Every month, I interview an author I admire on his literary firsts.
January’s featured author is Clancy Martin, author of two novels including How to Sell, a fast-paced, entertaining tale of deception — both of others and of the self — peppered with philosophical ideas that’ll make you think about life and desire and ambition.
Clancy more recently wrote a novel called Bad Sex — also a fantastic read (an excerpt is in Vice). As a professor of philosophy, he’s also authored a number of philosophical books. Unrelatedly, he’s been to jail seven times, once for rolling through a stop sign!
In this interview, Clancy talks about how he turned memoir into fiction, how his writing changed after getting sober, and what books of philosophy he recommends for aspiring novelists.
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Siel: One of the things I love most about How to Sell is the deadpan, flat feel of the dialogue. It’s so unique — How did you arrive at this tone? Are there other books and authors that informed or influenced your voice in this book?
The tone was certainly influenced, I hope, by my attempt to write like some of my heroes at the time: Camus, Carver, Dostoevsky, Renata Adler. I love clean, unembellished prose. It started out much more flowery, and then I cut, cut, cut it down, with the help of Diane Williams and some other friends.
At a reading at Book Soup, you mentioned that you initially wrote Bad Sex as a memoir — then decided to fictionalize it, changing the protagonist from a man to a woman. Considering that the book is about an extramarital affair — Did the rewriting process bring you any interesting revelations about the similarities or differences between men and women’s psychologies and desires?
I think I may have learned, through reflecting for a long time on the psychology of one of the heroes in that book (Edouard), that a love relationship that is built on a lot of lying probably includes lying going on in both directions. That is, Brett, my female hero, thinks she tells all the lies and Edouard really doesn’t lie to her nearly as much—and for a long time, writing and rewriting the book, I had the same view of Edouard. But then I realized that no, he was lying just as much as she was, but she really needed to believe his lies. Brett is one of those very honest liars. She believes in the importance of truth and knows she’s betraying it and herself. Edouard doesn’t care about truth. It’s at best an instrumental good for him.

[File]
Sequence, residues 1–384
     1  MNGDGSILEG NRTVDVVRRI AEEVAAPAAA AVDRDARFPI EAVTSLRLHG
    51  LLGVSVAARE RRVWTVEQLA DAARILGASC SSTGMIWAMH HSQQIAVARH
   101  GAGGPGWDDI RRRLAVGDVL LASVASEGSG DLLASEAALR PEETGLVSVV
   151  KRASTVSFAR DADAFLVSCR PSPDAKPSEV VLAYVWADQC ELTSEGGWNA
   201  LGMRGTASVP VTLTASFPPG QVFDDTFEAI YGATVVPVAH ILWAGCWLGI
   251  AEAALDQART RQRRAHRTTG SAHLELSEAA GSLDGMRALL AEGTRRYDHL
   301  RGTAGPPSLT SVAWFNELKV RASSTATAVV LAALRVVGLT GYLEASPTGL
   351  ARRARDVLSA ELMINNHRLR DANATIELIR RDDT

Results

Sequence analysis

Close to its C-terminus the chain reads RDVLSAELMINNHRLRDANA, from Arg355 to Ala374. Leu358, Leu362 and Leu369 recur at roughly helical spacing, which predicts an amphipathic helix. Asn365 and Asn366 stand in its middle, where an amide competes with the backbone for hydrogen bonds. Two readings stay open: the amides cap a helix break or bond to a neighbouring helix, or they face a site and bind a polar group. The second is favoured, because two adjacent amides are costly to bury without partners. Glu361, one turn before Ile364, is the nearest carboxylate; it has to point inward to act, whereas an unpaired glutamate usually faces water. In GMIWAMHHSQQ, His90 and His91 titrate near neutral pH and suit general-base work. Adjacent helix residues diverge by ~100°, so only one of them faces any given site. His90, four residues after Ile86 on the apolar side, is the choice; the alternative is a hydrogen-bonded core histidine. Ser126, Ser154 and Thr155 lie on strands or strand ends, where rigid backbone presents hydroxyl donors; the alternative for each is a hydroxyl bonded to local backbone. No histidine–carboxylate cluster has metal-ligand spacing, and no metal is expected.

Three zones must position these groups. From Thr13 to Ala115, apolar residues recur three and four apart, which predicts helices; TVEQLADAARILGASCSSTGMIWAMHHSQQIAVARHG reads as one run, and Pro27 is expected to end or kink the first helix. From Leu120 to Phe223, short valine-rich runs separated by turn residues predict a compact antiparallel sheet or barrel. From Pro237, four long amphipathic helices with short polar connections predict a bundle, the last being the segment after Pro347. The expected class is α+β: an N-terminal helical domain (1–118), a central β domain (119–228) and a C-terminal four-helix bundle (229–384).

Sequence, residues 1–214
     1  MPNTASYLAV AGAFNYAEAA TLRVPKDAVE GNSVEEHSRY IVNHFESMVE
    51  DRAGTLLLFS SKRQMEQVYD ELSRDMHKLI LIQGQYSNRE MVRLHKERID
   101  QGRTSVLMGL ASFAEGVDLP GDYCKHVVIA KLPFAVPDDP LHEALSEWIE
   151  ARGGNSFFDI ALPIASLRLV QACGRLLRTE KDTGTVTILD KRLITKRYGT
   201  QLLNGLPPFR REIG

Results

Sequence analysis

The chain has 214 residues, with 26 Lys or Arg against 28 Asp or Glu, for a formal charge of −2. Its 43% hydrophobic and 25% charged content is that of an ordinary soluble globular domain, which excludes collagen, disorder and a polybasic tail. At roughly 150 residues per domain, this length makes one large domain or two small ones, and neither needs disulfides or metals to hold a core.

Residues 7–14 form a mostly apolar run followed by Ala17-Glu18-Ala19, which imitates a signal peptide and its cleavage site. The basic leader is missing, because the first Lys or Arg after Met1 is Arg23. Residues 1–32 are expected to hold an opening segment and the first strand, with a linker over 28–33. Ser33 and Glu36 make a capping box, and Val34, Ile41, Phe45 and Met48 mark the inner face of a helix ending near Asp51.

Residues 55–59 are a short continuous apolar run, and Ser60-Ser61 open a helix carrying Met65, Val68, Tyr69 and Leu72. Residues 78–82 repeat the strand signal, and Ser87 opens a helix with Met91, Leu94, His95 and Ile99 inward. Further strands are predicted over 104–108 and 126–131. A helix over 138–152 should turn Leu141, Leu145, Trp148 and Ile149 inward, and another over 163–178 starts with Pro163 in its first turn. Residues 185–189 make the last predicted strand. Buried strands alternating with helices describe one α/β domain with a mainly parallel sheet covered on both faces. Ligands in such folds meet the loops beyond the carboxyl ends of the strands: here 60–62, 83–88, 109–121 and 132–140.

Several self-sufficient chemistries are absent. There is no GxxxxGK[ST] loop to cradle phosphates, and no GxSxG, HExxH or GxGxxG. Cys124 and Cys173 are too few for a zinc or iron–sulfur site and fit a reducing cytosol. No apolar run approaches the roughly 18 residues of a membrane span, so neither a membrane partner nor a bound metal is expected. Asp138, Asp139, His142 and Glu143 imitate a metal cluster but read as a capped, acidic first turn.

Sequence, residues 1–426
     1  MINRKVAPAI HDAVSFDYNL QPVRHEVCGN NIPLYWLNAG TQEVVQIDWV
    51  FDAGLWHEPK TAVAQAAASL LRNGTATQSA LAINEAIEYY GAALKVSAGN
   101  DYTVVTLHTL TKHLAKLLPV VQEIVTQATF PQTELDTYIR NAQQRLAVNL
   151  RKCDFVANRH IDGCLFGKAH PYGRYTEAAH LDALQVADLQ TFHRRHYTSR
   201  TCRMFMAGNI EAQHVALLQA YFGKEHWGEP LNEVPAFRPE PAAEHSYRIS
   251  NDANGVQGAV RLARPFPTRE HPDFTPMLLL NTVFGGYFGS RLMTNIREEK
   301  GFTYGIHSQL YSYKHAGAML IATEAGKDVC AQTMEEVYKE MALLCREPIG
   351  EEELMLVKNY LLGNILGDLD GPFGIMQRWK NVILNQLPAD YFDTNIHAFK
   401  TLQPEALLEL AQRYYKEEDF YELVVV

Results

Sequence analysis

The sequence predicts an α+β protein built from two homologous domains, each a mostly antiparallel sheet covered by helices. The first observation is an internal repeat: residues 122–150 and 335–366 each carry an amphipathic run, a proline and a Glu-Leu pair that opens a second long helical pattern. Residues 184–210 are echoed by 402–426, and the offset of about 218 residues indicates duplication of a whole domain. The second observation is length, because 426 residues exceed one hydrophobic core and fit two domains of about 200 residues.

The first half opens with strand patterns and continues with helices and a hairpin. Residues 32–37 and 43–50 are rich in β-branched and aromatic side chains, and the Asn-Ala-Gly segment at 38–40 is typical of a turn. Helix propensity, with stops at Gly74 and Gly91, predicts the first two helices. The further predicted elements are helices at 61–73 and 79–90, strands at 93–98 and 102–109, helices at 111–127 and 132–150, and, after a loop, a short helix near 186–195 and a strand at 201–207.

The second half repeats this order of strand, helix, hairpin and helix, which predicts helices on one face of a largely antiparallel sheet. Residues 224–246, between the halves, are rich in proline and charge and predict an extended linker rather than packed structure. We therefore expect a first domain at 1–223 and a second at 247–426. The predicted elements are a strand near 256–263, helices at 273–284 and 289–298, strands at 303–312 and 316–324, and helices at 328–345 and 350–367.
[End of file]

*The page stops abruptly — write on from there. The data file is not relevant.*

In addition to a lot of sex, there’s a lot of drinking in Bad Sex. I think, though, that you wrote this book after quitting drinking yourself. I’m guessing that going alcohol-free probably changed your day-to-day lifestyle — but I’m wondering, has it changed your writing? Do you see a stylistic difference between your pre and post sobriety writing?
I do, yes: it is much harder for me to write now that I don’t drink. I didn’t write while drinking—well, I did, but none of it was ever any good. But there was something about a hangover that made me very fluent and creative, in the old fashioned sense of the word creative, inspired I suppose. Now, sober, I have to work harder. Writing is harder when I’m sober; but life, I’m grateful to say, is a bit easier.
On top of writing great novels, you also teach philosophy — and write books of essays (Love and Lies: An Essay on Truthfulness, Deceit, and the Growth and Care of Erotic Love) and edit anthologies (The Philosophy of Deception) in that capacity. The topics of those nonfiction books, though, seem related to the themes you explore in your novels. How would you say the two inform each other?
For me, good writing always addresses philosophical worries. So if I’m struggling with some philosophical problem—like deception, in the past, or love, or more recently the role of emotion in everyday life, and the notion of duty—it naturally comes through in my fiction. I don’t think you “solve” philosophical problems in fiction, but then I’m not sure one can solve most philosophical problems in the rational way that we hope to solve them. Fiction is very good at exploring the nuances of many philosophical problems. Everything is more complicated than it appears. Fiction is good at showing that.
What work of philosophy would you most recommend to an aspiring fiction writer?
What an interesting question. It would very much depend on the writer, I think. For me, when I hadn’t published much or anything yet, Kierkegaard and Nietzsche were very helpful, as was Kant’s Prolegomena To Any Future Metaphysics, as were the essays of Camus and De Beauvoir’s The Second Sex. But if you have to pick one book of philosophy that really might help, I think Fear and Trembling by Soren Kierkegaard. Also, more importantly, read Basho’s The Narrow Road to the Deep North. I also think Renata Adler’s work can’t be recommended enough, and if you want a great book of short stories about serious Buddhist philosophy, read Amie Barrodale’s (2016) You Are Having a Good Time (full disclosure: I am married to Amie).
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